Luke 11:1-13 New Revised Standard Version (NRSV)
He was praying in a certain place, and after he had finished, one of his disciples said to him, “Lord, teach us to pray, as John taught his disciples.” He said to them, “When you pray, say:
Father, hallowed be your
Your kingdom come.
Give us each day our daily bread.
And forgive us our
for we ourselves forgive everyone indebted to us.
And do not bring us to the time of trial.”
And he said to them, “Suppose one of you has a friend, and you go to him at midnight and say to him, ‘Friend, lend me three loaves of bread;for a friend of mine has arrived, and I have nothing to set before him.’ And he answers from within, ‘Do not bother me; the door has already been locked, and my children are with me in bed; I cannot get up and give you anything.’ I tell you, even though he will not get up and give him anything because he is his friend, at least because of his persistence he will get up and give him whatever he needs.
“So I say to you, Ask, and it will be given you; search, and you will find; knock, and the door will be opened for you. For everyone who asks receives, and everyone who searches finds, and for everyone who knocks, the door will be opened. Is there anyone among you who, if your child asks for a fish, will give a snake instead of a fish? Or if the child asks for an egg, will give a scorpion? If you then, who are evil, know how to give good gifts to your children, how much more will the heavenly Father give the Holy Spirit to those who ask!”
Prayer – confounded and confounding; wonderful and disappointing; mysterious and discouraging. Prayer: Who needs it? What is it? What are our expectations? This is a very complex topic.
It has been fascinating to me that as I began thinking of this sermon, I had more people – strangers – come to my door not only asking for assistance but more significantly – to pray for them or for a situation – as if I have a more direct line to God than they do. But I am always glad to do so.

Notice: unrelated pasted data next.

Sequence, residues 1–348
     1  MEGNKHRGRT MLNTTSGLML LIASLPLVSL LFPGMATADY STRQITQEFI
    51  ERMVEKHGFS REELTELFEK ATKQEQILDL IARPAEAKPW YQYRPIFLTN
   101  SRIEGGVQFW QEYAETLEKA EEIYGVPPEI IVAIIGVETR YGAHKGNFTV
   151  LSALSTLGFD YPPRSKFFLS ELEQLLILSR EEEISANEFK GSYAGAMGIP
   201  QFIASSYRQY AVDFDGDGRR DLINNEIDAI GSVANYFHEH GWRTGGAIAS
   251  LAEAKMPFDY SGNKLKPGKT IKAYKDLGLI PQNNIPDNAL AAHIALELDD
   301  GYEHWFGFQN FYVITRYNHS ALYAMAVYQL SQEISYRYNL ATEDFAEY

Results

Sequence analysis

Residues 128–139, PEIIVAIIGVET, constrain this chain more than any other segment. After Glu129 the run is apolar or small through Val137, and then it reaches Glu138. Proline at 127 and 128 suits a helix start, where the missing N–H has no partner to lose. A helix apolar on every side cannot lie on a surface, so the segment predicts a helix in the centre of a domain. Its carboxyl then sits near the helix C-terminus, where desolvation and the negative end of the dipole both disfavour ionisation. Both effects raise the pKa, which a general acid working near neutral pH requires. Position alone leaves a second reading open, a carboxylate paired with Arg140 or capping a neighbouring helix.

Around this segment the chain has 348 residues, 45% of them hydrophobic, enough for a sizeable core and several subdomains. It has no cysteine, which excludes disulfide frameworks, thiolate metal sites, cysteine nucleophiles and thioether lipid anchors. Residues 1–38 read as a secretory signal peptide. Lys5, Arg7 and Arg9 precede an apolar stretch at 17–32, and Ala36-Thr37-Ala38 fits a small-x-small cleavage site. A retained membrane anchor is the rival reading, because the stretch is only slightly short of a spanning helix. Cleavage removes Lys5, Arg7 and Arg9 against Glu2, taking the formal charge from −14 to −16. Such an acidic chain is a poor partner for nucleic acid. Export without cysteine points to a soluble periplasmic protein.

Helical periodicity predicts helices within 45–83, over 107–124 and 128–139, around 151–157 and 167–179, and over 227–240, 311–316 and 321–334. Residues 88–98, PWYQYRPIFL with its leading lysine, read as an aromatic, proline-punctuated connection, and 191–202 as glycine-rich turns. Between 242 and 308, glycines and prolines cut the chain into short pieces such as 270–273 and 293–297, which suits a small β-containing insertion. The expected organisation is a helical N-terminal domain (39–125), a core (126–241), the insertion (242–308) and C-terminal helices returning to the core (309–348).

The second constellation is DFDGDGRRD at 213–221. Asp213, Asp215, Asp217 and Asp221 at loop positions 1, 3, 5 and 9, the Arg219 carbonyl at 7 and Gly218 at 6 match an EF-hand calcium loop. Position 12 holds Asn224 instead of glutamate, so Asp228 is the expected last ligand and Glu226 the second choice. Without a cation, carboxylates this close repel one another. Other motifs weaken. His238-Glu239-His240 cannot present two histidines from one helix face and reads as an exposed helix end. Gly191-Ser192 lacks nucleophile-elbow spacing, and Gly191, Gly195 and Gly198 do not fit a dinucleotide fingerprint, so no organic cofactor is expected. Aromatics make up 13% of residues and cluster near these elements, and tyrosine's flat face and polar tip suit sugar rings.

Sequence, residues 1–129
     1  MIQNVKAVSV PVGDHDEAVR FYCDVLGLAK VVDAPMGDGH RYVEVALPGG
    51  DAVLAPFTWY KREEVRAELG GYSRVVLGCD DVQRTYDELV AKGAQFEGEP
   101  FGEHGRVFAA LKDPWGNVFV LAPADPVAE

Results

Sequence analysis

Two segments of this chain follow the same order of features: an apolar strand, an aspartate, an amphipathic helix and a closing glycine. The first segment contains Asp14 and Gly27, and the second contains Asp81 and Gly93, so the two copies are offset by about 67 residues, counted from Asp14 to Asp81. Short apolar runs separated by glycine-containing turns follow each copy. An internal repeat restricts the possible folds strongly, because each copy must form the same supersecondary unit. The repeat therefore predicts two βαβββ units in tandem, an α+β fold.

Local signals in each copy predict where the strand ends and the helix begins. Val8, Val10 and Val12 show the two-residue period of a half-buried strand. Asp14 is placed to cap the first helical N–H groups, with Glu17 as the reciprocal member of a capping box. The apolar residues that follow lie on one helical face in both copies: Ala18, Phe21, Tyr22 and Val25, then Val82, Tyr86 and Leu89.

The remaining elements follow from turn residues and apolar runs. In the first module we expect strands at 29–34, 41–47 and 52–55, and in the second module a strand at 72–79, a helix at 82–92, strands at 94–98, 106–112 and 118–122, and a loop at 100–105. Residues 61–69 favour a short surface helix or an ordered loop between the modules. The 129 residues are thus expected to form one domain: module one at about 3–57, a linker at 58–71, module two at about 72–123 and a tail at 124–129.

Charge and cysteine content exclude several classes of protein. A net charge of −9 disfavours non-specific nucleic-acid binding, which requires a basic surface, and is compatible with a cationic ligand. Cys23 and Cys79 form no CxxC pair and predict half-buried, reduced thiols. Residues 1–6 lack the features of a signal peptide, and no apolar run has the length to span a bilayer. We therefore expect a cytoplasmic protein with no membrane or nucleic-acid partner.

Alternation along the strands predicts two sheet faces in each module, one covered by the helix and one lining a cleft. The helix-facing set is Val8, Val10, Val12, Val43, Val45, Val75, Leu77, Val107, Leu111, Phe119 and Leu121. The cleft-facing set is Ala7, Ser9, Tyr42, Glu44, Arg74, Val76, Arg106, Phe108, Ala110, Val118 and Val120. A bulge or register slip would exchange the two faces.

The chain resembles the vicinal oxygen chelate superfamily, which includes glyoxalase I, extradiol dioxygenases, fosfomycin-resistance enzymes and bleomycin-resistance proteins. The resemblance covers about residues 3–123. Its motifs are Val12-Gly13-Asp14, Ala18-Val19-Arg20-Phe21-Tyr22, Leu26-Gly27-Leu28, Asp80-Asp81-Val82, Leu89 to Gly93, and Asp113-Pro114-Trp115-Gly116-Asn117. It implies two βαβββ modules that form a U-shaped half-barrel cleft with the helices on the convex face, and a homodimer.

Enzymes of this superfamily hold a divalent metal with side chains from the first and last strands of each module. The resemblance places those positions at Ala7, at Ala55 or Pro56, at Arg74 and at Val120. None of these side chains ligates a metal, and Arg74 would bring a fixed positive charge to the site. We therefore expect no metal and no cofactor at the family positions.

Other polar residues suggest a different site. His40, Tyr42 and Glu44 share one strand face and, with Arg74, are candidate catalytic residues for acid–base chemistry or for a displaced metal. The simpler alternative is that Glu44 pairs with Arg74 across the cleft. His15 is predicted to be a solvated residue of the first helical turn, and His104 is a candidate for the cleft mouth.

And when you start looking there are plenty of stories about prayer that abound: “A mother sent her fifth grade boy up to bed. In a few minutes she went to make sure that he was getting in bed when she stuck her head into his room, she saw that he was kneeling beside his bed in prayer. Pausing to listen to his prayers, she heard her son praying over and over again, ‘Let it be Tokyo! Please dear God, let it be Tokyo!’ When he finished his prayers, she asked him, ‘What did you mean, ‘Let it be Tokyo’?’ ‘Oh,’ the boy said with embarrassment, ‘we had our geography exam today and I was praying that God would make Tokyo the capital of France’.”
Of this story, Robert Allen wrote: “Prayer is not a magical means by which we get God to do what we want. Prayer is an inner openness to God which allows [God’s] divine power to be released in us. Ultimately, the power of prayer is not that we succeed in changing God, but that God succeeds in changing us.” (Robert L. Allen, Greatest Passages of the Bible, CSS Pub. Co)
Another story: “Pastor Tom Rietveld tells an interesting true story about prayer. He says that when he was pastoring in Missouri his church needed approximately $10,000 beyond what they were able to give to close out the year. And so, Pastor Rietveld asked the church family and their church leaders to pray for that amount, specifically – $10,000. Unexpectedly, a few weeks before the end of the year, a gift came in the mail. It was for several shares of stock worth $5,000. Pastor Rietveld put out the word that God had supplied half of what they needed, and they now needed to pray for $5,000 more to meet their needs.
Their church board was to meet the next week regarding the gift of the stock as they were the only ones who could give approval to sell the stock. But a snow storm hit and snowed them all in, and delayed their meeting for a week. When they finally met they approved the sale of the stock. So the next day Pastor Tom went to a broker to sell the stock. But in the meantime, says Pastor Tom, God did God’s work. During the delay from when they were given the stock and when they finally could sell the stock, it had doubled in value, and was worth $10,000. Says Pastor Tom, ‘God had specifically taken care to the specific need we brought to God.” (sermons.com)